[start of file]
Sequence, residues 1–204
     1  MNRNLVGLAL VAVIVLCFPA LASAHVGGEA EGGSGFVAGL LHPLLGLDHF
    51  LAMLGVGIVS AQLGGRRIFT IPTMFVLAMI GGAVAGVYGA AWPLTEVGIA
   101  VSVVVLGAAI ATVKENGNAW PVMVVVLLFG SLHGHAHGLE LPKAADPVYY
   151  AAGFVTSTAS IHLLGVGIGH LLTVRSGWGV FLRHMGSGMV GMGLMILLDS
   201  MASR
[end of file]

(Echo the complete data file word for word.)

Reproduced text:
Sequence, residues 1–204
     1  MNRNLVGLAL VAVIVLCFPA LASAHVGGEA EGGSGFVAGL LHPLLGLDHF
    51  LAMLGVGIVS AQLGGRRIFT IPTMFVLAMI GGAVAGVYGA AWPLTEVGIA
   101  VSVVVLGAAI ATVKENGNAW PVMVVVLLFG SLHGHAHGLE LPKAADPVYY
   151  AAGFVTSTAS IHLLGVGIGH LLTVRSGWGV FLRHMGSGMV GMGLMILLDS
   201  MASR